Lack of women in politics highlighted in official report
Gender-based violence described as ‘persistent challenge’ by Department of Justice
TDs and Senators with Taoiseach Enda Kenny on the plinth at Leinster House to celebrate International Women’s Day 2012. A new report says there are far too few women in politics. Photograph: Alan Betson/The Irish Times
The Department of Justice has reported to the United Nations that there are too few women in politics and other decision-making roles in Ireland.
In a gender equality report submitted to the UN’s Economic Commission for Europe, violence against women is described as a “persistent challenge” in Ireland.
The document also points to “gender segregation” in both education and the work force, “which may be impacting on the advancement of women into decision-making roles and on closing the gender pay gap”.
The gender pay gap in Ireland is said in the report to be 14.4 per cent, “slightly better than the EU average”.
The Department of Justice’s gender equality division submitted the progress report, ‘Towards True Gender Equality in Ireland’, last month.
“Despite their high level of educational attainment, women in Ireland remain underrepresented in many decision-making roles, most notably in politics,” the report states.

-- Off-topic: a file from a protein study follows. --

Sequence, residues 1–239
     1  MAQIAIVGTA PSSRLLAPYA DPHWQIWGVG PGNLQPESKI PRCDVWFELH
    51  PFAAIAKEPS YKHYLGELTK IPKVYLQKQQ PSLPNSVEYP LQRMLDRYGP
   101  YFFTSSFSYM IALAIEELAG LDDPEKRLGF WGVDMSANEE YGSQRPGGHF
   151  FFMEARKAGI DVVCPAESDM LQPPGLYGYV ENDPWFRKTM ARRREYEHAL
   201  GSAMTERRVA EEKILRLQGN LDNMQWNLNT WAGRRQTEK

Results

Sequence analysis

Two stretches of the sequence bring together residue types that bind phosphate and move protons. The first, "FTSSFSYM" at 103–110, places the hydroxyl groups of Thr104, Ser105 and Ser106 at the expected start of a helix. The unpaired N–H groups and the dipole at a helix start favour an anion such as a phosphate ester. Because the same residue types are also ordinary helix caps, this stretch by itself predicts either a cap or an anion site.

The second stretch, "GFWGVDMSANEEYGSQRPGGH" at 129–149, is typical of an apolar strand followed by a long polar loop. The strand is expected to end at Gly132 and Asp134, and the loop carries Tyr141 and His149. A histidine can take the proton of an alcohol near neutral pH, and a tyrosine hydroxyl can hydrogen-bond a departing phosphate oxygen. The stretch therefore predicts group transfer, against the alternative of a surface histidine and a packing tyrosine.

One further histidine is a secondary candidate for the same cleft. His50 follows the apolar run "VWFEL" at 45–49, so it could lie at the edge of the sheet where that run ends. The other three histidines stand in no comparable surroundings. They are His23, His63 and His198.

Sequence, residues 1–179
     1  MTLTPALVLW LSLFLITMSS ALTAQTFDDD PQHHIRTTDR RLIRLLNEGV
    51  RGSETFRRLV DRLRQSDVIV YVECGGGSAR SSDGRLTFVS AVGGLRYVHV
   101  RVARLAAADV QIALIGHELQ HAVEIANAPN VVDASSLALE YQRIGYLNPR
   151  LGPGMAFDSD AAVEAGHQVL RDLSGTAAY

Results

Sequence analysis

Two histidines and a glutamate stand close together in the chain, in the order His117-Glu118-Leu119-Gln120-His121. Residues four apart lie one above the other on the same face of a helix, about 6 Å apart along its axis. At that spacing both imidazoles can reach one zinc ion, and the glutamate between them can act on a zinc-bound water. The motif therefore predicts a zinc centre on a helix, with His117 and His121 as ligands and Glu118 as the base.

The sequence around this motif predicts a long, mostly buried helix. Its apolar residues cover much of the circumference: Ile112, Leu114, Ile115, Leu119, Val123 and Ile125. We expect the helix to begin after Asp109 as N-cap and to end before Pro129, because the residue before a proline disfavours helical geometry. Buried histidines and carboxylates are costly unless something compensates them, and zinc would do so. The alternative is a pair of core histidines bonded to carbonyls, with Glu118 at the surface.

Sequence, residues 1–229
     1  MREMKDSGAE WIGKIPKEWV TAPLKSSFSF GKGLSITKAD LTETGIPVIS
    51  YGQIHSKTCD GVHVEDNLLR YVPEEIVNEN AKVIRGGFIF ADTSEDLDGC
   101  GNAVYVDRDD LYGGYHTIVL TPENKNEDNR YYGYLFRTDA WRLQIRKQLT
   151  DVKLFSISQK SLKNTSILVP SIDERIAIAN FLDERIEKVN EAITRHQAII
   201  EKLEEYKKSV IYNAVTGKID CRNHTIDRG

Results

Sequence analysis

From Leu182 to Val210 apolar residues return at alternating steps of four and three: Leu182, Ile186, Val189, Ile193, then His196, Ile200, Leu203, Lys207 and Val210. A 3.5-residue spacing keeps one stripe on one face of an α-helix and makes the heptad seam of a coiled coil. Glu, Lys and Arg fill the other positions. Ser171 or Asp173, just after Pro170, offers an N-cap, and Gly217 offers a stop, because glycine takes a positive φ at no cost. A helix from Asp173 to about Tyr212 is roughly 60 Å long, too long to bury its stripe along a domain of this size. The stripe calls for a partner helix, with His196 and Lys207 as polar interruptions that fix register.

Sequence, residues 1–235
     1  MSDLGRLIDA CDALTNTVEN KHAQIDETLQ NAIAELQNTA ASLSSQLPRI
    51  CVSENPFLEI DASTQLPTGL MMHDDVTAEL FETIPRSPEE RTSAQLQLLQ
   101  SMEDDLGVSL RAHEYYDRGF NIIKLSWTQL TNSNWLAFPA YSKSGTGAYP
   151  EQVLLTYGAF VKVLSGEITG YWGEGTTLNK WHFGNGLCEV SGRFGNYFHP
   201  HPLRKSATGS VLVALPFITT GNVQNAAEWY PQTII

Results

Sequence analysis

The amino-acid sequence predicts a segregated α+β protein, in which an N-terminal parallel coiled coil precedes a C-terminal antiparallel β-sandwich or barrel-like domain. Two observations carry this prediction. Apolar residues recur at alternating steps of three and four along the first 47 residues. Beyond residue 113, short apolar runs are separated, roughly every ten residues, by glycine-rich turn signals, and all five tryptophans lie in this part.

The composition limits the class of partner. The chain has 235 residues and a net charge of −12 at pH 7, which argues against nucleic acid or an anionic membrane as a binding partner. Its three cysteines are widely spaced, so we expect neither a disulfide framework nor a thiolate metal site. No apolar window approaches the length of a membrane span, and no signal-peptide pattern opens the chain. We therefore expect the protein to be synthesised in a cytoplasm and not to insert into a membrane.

The report says increasing women’s representation in politics is a “key target” of the Government, referring to a quota law that will halve State funding to parties unless 30 per cent of candidates are women at the next general election.
However, women’s progress in the legal profession is emphasised: “the Chief Justice, Attorney General and Director of Public Prosecutions and Head of the Forensic Science Service are all women, as is the acting Commissioner of An Garda Síochána”.
The report says violence against women, in particular domestic violence, emerged as a “major policy issue” in the 1990s.
In the education sector, the report highlights “challenges” in relation to women’s educational choices, “which can impact on their employment choices and possibly also on their advancement into the most senior decision-making roles in employment, particularly in industry”.
About 80 per cent of primary graduates in both “education” and “health and welfare” were women, while women accounted for only 41 per cent of graduates in “science, mathematics and computing”.
A “continued over-reliance on women as primary care givers” is also described as a challenge for Ireland
In compiling the report, the Department of Justice and Equality consulted with Government Departments and the National Women’s Council of Ireland, the umbrella organisation for over 180 women’s groups.